In the past decade, the clothing-rental industry has gained serious momentum. The idea is simple. A working professional can rent high-end clothing on a regular basis, in order to wear a variety of outfits without having to purchase each one for the long term. In theory, this allows customers to share clothes in a sustainable manner.
Unfortunately, it doesn’t work like that in practice. Every time an outfit is rented, it has to be shipped, returned, dry-cleaned and sent out again—sucking up resources and burning fossil fuels at every step. Worse still, it can drive consumerist behaviour by reinforcing the notion that we need to keep wearing new things all the time.
For truly special occasions, like weddings, rental companies are a reasonable option. But beyond that, they’re likely a drag on the planet’s well-being.
When it’s time to update your wardrobe, look to these names for sustainable items
For men’s and women’s basics, knitwear and women’s suiting
Founded with the goal of crafting the “perfect” T-shirt, Kotn has since expanded to offer suiting, loungewear and knits. Known for its use of non-toxic dyes, the company is also certified for its high standard of social and environmental impact. One of the brand’s stores is located at Queen and Niagara, near Trinity-Bellwoods Park.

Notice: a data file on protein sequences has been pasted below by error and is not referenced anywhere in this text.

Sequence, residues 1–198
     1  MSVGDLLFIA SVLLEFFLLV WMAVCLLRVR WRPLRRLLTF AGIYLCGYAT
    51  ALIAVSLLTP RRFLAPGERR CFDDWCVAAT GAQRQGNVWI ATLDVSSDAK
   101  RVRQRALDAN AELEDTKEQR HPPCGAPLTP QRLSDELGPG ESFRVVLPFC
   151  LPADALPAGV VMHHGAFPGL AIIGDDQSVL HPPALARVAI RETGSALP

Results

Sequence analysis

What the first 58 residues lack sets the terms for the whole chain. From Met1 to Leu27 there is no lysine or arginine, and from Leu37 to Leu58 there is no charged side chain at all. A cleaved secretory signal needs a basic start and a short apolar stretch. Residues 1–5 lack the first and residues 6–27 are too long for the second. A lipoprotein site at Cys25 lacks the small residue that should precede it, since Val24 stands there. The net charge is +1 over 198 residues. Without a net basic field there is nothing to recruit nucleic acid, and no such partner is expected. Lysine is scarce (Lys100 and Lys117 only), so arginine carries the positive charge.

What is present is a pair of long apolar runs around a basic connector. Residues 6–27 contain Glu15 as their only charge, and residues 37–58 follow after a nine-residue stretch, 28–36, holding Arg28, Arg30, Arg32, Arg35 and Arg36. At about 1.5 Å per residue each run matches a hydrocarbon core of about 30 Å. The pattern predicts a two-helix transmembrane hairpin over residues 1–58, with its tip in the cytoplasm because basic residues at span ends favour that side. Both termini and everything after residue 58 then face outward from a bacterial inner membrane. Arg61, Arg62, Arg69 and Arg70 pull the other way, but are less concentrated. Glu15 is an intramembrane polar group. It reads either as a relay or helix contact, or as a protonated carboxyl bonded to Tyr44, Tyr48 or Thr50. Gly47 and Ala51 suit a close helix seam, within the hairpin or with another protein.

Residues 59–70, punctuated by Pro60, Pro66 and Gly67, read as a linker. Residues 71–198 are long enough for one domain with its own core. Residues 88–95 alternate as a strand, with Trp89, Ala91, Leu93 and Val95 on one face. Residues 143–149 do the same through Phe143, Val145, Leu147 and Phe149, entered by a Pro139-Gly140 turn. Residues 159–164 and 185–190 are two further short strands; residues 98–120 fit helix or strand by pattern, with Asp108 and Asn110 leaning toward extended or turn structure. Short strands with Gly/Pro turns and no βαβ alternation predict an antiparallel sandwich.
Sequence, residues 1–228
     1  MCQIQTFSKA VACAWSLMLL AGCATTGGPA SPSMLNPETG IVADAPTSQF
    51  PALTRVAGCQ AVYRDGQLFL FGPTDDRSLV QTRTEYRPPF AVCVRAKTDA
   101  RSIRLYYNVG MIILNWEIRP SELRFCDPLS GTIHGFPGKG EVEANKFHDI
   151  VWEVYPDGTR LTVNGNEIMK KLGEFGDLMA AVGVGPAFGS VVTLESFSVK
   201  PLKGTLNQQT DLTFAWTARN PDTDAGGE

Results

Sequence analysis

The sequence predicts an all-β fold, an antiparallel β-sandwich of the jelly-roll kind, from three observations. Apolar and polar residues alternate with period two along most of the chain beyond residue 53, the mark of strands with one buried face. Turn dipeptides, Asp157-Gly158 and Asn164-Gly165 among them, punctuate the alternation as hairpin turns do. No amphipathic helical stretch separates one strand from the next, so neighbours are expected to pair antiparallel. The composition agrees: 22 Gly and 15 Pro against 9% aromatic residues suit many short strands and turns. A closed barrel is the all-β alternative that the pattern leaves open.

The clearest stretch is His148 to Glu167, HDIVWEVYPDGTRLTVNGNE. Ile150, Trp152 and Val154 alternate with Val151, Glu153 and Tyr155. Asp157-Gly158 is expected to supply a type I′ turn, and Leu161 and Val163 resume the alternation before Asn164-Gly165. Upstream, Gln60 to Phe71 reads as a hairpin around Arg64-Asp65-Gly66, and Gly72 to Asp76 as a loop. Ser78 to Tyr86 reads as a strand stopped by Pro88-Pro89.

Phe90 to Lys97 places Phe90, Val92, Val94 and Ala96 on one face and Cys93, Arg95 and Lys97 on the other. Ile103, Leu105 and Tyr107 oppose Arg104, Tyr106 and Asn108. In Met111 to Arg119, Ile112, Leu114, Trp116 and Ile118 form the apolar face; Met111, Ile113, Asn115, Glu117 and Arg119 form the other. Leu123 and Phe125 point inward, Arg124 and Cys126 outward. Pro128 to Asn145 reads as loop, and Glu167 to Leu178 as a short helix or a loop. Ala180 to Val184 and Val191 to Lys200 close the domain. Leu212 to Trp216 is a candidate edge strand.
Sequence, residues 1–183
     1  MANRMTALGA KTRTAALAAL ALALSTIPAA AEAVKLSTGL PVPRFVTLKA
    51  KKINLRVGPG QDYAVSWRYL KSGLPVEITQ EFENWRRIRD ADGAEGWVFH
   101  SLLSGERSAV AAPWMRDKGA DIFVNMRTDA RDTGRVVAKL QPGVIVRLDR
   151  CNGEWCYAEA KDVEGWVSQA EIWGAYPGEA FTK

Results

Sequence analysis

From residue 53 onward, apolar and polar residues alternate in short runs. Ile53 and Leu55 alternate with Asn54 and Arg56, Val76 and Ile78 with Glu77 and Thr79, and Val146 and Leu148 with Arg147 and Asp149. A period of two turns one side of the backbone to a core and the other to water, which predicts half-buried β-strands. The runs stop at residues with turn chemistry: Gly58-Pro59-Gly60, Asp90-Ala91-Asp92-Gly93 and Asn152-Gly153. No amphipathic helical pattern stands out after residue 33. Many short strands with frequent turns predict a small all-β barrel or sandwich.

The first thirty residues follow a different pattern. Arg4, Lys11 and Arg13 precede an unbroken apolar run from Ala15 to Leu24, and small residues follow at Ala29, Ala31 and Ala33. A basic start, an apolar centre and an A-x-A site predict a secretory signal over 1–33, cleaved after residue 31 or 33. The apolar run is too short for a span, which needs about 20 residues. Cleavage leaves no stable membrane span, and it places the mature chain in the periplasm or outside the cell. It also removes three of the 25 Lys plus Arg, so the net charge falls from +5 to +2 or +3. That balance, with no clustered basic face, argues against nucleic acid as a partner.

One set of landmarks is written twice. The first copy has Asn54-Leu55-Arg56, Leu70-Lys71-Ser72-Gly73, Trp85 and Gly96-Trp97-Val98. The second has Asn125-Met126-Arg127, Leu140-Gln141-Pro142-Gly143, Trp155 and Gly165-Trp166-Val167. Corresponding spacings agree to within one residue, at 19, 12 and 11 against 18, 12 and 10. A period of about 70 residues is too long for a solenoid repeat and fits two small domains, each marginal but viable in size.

For women’s loungewear and office staples like blazers, trousers and skirts
This Canadian label serves up business and casual attire, including a selection of reversible items (which can be turned inside out to create a new look). The company, which mills its fabric from sustainable fibres, prioritizes durable materials that will last. Items are available for purchase on the Miik website.
For men’s suiting, casual attire and shoes
This U.K.-based brand publishes statements that outline its equitable supply-chain and pay practices.The label also carries a line of sustainable suits. Canadians can purchase items online.
For a range of wardrobe items
In 2013, Holt Renfrew launched the multi-brand H Project to highlight artisanal, thoughtfully made goods from around the world. Today, it’s home to ethically minded labels like Stella McCartney and the Canadian-founded denim brand Triarchy.